The independent news organization of Duke University

Escaping into reality television

staff note

Over spring break, I made an unforgivably heinous choice: I decided to start watching “America’s Next Top Model."

It might seem like an odd choice to spend what precious little free time I have as a student voluntarily watching Tyra Banks psychologically terrorize group after group of young women in the name of “industry realness”, but reality shows have been a staple of my media diet for years. I’m a “Project Runway” zealot who can and will rattle off the name of nearly every contestant in the show’s sprawling history at the slightest provocation; my childhood was spent watching Stacey and Clinton rip apart wardrobes on “What Not to Wear." Not only have I watched “Dance Moms” in its horrifying entirety, but I religiously followed the show to its grueling end and I still own a Jojo (with the Bow-Bow) Siwa cup gifted to me by some equally fanatic friends.

I reflect on these obsessions with fondness, not shame or regret. Reality television is often framed as trashy, unintellectual, a cheap alternative to developing a scripted series that would require paying actors and writers. Some of these accusations are justified — it can’t be denied that a few reality televisions are downright exploitative and inexcusable in their treatment of its subjects and audience — but on the whole, reality shows are unfairly maligned. It is viewed as disposable entertainment, unworthy of analysis or dignified discussion.

What so many fail to realize is that reality television has a heart under all that gloss and glitz. These programs are about people, the sort of people who would never be granted a platform under typical circumstances. We live in a world now where a competition show about drag queens is one of the most popular, frequently referenced series on television. Reality shows opened the door for putting marginalized people on the small screen, with programs like “Project Runway” having openly gay contestants and “America’s Next Top Model” casting multiple girls of color. 

Even if these contestants and characters weren’t aware of how monumental their presence on television was for their respective communities, their freedom to tell their stories and share their passions fostered a genuine sense of representation matched by any fictional scripted series. Before the Fab Five of “Queer Eye” — who are doing tremendous work dismantling harmful stereotypes and breaking new cultural ground with a simple makeover show — there was Mondo Guerra of “Project Runway." He was a gay Mexican-American designer who decided to reveal his HIV status on the runway during one of the episodes, which has since become the show’s most memorable moment and catapulted Guerra to fame despite being the season’s runner-up. This is the magic of reality television: no writers striving to manufacture a sentimental moment or audiences who can complain about “forced” diversity. It is simply a sincere snapshot of an individual’s life that brought comfort and hope to so many, and changed many minds about a highly stigmatized disease.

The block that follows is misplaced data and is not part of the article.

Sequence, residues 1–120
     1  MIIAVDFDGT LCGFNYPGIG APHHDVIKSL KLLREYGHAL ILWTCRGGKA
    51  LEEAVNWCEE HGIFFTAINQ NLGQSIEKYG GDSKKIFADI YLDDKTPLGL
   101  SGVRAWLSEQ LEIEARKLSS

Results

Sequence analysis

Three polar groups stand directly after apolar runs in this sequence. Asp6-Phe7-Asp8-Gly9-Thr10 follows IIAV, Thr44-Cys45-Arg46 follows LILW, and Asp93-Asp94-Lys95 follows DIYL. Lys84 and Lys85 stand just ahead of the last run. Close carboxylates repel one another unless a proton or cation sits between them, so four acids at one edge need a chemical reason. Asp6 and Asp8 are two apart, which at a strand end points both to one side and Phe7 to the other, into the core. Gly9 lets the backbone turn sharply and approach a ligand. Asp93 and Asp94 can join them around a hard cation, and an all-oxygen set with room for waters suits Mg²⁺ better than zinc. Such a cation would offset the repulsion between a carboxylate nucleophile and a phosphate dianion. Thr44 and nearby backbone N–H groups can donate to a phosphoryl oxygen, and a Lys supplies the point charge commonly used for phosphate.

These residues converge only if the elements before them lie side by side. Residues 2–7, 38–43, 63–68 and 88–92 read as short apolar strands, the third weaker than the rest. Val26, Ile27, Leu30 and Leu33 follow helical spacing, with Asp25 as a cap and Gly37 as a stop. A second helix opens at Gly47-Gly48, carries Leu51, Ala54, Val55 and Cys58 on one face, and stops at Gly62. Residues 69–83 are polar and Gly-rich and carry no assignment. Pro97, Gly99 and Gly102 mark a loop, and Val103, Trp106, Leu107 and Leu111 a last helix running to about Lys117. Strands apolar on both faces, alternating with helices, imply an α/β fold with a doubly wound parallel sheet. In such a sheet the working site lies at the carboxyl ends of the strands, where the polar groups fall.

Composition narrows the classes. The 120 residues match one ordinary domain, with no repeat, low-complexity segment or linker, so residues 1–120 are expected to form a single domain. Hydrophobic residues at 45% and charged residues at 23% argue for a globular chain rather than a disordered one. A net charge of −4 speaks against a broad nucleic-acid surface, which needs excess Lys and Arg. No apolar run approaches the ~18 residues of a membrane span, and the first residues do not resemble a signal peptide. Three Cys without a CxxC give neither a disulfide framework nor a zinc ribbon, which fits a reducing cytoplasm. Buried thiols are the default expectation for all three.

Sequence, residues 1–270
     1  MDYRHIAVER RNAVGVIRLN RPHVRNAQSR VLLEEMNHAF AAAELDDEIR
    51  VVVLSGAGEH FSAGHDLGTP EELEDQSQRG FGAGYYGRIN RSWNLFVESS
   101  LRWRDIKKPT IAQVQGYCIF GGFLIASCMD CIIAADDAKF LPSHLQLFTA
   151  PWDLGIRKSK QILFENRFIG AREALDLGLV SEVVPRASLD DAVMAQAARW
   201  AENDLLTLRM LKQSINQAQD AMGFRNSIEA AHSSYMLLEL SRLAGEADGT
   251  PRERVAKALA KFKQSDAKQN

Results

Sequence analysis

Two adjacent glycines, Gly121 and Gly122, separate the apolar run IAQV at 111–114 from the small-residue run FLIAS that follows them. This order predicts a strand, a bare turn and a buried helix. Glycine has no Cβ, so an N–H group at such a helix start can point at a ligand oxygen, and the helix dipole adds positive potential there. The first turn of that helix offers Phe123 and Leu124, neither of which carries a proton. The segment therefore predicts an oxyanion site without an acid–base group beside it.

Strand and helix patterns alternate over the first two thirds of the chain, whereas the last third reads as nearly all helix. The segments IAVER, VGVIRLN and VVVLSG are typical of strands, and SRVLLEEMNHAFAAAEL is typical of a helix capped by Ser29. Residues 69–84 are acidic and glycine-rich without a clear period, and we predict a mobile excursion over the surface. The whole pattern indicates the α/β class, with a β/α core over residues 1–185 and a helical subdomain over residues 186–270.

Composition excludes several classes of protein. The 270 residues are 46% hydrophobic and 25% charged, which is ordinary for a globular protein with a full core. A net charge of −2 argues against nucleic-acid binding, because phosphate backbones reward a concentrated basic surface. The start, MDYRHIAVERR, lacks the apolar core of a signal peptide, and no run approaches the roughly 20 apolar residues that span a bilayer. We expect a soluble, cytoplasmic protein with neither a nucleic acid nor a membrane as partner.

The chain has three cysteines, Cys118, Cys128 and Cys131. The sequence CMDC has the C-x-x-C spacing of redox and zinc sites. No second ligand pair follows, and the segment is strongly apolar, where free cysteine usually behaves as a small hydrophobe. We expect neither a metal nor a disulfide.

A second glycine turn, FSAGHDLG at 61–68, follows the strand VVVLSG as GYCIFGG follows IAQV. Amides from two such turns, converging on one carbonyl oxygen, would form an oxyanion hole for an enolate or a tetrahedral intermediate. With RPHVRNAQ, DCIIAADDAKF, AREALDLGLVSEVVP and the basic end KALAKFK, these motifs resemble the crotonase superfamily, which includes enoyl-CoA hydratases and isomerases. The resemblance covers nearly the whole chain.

When my ferocious love of reality television is questioned, these are the talking points I like to throw out, but at the end of the day, my central argument is merely that I enjoy these shows. They are not a guilty pleasure for me: They’re just a pleasure. I love the people and I love what they do, what they make, what they say. Reality shows aren’t just about drama and petty arguments, they are also showcases of human kindness and perseverance. When I think about the nightmare that is “Dance Moms,” what comes to mind isn’t the staged fighting and yelling. I remember the dancing. I remember watching a group of young, talented girls mature and flourish. I remember tuning in each week to see their gorgeous performances. It’s the same reason why I’ve watched 23 seasons of “Project Runway” and started binge-watching countless other programs about everything from modeling to cooking to beauty pageants. I want to see people create, perform and thrive. 

Reality television is a nexus of art and anti-art, entertainment at its most heartlessly jaded while still retaining an indelible core of unpolished humanity. As much as I adore the lofty heights to which art can soar, my personal standards are hardly that high. At the end of a stressful day, I don’t find myself seeking relief in the prestigious dramas or realistically bleak pop culture that I otherwise laud. My escape from reality is reality itself — or rather, the shiny, structured, sinful world of reality television.


Share and discuss “Escaping into reality television” on social media.